Because we’re scared of asking for things? We don’t think it’ll work? We considerate rude or too straight-forward?


Why this works:

Because people VALUE transparency, honesty, and their own time.

Asking for things in a simple and straightforward manner gives the recipient all of those things.

Rosemarie Groner recently emailed me asking for a backlink to a particular article of hers she’s trying to rank for.

Like, not a spammy “hey I noticed you have this roundup post could you link to my content k thanks!!”

It wasn’t that at all. It was simple and to the point. I’m on page 2 of Google for XYZ keywords, and I really want to get to #1. Would you mind creating a backlink for me?

The simplest request, and so honest and transparent. Of course I gave it to her.

  • Want more clients? Ask for them.
  • Want more sales? Ask for them. (No, really…try keeping it straight-forward, honest, and simple. People see through spam anyways)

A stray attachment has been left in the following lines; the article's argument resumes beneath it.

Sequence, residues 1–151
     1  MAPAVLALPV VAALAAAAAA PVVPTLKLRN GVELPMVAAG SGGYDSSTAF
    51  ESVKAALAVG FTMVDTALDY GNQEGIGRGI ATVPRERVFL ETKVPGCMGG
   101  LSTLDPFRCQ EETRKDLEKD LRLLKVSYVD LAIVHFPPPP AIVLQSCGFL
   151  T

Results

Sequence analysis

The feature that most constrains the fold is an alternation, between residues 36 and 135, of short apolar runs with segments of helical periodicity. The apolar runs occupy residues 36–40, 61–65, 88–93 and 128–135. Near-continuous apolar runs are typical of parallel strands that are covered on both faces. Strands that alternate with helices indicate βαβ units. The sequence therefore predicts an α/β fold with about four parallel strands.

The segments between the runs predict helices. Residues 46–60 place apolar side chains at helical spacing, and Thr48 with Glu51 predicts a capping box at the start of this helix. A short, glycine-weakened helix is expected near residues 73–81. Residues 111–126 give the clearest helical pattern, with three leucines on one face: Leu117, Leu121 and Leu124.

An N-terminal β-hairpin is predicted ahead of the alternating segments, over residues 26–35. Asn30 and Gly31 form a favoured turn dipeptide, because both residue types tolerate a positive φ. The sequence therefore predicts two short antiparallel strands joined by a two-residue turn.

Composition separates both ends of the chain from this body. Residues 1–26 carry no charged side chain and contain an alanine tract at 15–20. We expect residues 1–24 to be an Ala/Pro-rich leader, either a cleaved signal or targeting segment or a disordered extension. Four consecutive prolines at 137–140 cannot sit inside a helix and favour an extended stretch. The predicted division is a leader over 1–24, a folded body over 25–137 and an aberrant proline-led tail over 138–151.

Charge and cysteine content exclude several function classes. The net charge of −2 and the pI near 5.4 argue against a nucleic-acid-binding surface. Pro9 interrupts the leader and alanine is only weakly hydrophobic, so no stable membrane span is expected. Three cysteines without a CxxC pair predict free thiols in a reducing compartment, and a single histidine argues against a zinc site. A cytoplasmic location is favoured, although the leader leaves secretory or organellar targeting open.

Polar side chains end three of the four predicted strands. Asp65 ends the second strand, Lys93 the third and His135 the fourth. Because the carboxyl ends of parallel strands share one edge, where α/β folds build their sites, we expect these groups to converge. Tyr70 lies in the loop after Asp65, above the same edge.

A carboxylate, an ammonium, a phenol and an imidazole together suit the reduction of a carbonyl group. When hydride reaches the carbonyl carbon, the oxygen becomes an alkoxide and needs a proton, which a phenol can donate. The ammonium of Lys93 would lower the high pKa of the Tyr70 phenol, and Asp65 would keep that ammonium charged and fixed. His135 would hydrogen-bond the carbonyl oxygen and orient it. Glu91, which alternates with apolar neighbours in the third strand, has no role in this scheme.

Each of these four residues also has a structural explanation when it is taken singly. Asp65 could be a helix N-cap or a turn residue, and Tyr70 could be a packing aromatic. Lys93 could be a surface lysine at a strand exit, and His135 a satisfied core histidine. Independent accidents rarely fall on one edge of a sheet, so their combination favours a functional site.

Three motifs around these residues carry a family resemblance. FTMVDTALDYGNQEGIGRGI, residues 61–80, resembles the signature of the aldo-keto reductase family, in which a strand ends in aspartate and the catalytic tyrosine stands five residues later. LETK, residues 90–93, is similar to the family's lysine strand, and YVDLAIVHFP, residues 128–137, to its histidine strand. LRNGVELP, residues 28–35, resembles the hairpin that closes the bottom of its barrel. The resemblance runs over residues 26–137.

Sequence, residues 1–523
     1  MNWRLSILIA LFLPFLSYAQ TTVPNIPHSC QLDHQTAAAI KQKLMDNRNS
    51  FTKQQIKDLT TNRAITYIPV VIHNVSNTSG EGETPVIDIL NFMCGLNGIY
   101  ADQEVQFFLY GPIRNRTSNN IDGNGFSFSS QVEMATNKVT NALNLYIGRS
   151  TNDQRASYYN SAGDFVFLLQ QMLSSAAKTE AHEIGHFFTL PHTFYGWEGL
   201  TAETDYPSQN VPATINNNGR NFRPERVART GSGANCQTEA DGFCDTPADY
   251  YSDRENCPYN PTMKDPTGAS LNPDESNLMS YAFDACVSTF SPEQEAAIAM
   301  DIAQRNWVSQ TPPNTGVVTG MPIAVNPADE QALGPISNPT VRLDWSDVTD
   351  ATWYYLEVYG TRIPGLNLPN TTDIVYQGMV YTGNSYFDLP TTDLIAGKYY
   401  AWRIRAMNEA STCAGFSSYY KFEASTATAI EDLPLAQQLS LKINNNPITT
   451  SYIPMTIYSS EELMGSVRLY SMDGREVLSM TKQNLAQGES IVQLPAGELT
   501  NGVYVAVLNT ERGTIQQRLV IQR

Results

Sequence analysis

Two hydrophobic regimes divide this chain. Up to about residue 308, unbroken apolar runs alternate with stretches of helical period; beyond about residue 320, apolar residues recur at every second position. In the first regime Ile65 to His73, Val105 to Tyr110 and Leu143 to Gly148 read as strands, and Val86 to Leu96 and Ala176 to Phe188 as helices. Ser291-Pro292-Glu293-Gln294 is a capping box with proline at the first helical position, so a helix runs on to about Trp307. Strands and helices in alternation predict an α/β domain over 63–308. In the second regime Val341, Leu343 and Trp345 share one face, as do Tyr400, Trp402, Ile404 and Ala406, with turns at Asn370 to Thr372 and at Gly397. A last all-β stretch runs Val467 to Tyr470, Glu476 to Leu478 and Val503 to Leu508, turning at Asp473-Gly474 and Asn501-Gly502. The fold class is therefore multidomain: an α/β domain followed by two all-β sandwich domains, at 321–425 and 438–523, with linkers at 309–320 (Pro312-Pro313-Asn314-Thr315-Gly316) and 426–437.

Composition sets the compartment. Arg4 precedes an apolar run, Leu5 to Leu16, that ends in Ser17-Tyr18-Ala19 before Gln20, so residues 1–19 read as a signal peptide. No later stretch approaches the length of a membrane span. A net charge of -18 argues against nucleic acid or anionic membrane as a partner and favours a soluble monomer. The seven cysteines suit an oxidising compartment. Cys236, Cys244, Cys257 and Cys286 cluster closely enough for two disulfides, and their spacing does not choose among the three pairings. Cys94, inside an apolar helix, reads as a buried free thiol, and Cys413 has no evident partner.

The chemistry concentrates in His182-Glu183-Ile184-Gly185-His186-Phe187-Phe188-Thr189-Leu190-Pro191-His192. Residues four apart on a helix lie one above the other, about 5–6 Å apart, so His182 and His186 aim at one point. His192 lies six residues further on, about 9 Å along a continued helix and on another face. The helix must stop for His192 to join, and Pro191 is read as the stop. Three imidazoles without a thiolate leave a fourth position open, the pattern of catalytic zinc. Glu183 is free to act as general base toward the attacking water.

• Want referrals? Ask for them.

Oh, and the insane power of referrals

If a random stranger on the street walked over and said

“Hey! I’ve got this friend Pat that I think you’d be a PERFECT match for. Please let me set you up on a blind date!”

You’d run away looking down at the ground. Awkward.

However, what if your best friend said the same thing? You’d be 10x more likely to at least consider it.

That’s the power of referrals.

We as humans are MUCH more likely to trust a given service, product, restaurant, blog…when it’s recommended by people we know and trust.

It’s how I initially started getting well-known guests on the podcast. I name dropped 🙂

The following are all 10x more likely to happen with a strong referral process:

  • Guest posting
  • Getting on media outlets
  • Getting interviewed a podcast
  • Getting sales (i.e. affiliates!)
  • Getting a job (it’s all about who you know)

Referrals are insanely powerful. Utilizing them however and whenever you can.

Also, don’t JUST be on the receiving end!

Generously give referrals as well, when it’s due. Monica and Kayla are really good at this.

Show notes and referenced links